OECD Economic Surveys: Chile 2010
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OECD Economic Surveys: Chile 2010

OECD's 2010 survey of Chile's economy. This edition focuses on four key issues currently challenging Chile: overcoming the crisis; strengthening fiscal policy; fostering productivity growth, and improving the quality of Chile's schools. The survey finds that Chile is now emerging from the crisis and that the financial system has held up well, but that some areas of regulation and the fiscal framework need to be strengthened.  Chile needs to enhance productivity growth, broaden innovation policy beyond basic research, and improve the quality of education.
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Publication Date :
27 Jan 2010
DOI :
10.1787/eco_surveys-chl-2010-en
 
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Assessment and recommendations You do not have access to this content

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Author(s):
OECD
Pages :
9–16
DOI :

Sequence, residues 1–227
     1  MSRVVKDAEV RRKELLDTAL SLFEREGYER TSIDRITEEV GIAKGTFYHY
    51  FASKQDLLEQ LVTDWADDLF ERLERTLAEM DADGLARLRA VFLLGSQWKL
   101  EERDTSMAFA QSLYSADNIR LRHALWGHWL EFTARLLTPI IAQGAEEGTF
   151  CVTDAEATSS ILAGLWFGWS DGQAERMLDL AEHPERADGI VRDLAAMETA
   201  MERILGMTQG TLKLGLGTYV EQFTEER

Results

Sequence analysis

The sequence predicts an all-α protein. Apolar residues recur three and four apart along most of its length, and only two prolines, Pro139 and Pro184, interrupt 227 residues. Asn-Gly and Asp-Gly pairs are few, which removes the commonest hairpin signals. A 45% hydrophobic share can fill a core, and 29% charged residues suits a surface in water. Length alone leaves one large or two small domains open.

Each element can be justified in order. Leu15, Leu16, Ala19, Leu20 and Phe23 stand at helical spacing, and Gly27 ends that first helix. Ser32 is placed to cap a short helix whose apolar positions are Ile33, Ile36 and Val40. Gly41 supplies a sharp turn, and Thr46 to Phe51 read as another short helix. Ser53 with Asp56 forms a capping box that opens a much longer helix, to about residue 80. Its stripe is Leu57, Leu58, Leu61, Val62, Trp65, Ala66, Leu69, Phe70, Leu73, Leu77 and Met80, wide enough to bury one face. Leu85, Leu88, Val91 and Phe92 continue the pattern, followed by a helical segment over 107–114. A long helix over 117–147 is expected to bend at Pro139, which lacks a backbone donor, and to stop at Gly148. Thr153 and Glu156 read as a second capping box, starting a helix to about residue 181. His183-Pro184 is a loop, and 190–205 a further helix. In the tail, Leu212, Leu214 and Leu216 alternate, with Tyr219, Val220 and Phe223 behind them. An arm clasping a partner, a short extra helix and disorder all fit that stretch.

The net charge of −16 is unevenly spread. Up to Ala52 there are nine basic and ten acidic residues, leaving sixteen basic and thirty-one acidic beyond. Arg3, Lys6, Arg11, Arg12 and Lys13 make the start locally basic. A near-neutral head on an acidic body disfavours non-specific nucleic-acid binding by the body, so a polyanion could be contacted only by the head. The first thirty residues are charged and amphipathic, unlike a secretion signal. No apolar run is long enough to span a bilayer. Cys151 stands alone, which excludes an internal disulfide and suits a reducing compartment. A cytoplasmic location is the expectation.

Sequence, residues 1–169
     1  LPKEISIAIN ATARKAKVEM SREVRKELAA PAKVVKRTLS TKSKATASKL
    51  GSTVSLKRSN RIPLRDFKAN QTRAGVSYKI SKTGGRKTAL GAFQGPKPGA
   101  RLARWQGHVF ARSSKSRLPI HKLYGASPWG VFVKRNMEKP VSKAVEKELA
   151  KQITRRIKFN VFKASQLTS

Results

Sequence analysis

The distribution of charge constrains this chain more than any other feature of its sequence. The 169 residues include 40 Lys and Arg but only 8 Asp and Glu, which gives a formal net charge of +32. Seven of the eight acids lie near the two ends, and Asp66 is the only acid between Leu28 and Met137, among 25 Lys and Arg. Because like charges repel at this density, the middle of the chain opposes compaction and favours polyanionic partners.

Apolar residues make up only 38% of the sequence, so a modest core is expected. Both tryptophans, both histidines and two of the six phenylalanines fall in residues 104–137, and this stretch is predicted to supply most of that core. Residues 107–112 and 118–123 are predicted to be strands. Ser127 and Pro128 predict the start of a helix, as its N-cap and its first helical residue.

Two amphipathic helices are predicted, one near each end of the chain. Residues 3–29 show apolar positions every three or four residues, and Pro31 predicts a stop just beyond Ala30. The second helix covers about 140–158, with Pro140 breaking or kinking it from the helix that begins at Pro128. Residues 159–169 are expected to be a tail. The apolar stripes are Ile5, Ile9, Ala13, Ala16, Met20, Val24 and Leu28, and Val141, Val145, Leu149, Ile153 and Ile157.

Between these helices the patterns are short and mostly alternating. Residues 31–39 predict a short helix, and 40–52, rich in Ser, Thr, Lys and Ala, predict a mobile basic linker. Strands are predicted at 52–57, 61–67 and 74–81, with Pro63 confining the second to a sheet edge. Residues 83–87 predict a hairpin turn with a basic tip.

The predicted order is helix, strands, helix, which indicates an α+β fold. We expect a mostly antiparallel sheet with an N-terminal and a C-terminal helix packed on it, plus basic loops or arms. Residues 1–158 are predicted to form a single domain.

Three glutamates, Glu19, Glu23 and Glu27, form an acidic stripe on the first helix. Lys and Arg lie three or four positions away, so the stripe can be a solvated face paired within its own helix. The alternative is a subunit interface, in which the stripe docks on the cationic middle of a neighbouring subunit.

10.1787/eco_surveys-chl-2010-3-en

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The economy of Chile has performed strongly since the early 1990s, establishing a track record of robust growth, rising living standards, well contained inflation and recurring budget surpluses. This enviable outcome owes a lot to the sound macroeconomic framework implemented by successive governments. However, despite its strengths, the economy was not immune to the global financial and economic crises. As a small open economy relying on exports, particularly of copper, Chile was hit hard by the meltdown of international trade and the plunge in commodity prices, which exerted negative effects on domestic demand and activity. The government rapidly introduced counter-cyclical policies and, with the help of a rebound of copper prices, the economy is coming out of recession. Once the upturn is under way, the challenge will be to return to a path of rising living standards on a sustainable basis. Although income per capita on a purchasing power parity basis has increased sharply over the past two decades, it remains at only 44% of the OECD average. To foster convergence, key policy reforms require further enhancing product market competition, improving the conditions for entrepreneurship and innovation and improving the quality of education. Despite fast growth of per capita GDP and a reduction in poverty, income inequality, as measured by the Gini coefficient, has not declined markedly over the past 20 years and remains very high by OECD standards, notwithstanding some recent improvement. Sustained growth will need to be accompanied by the right social policies to further reduce poverty and improve income distribution. Against this background the key challenges discussed in this Survey are:
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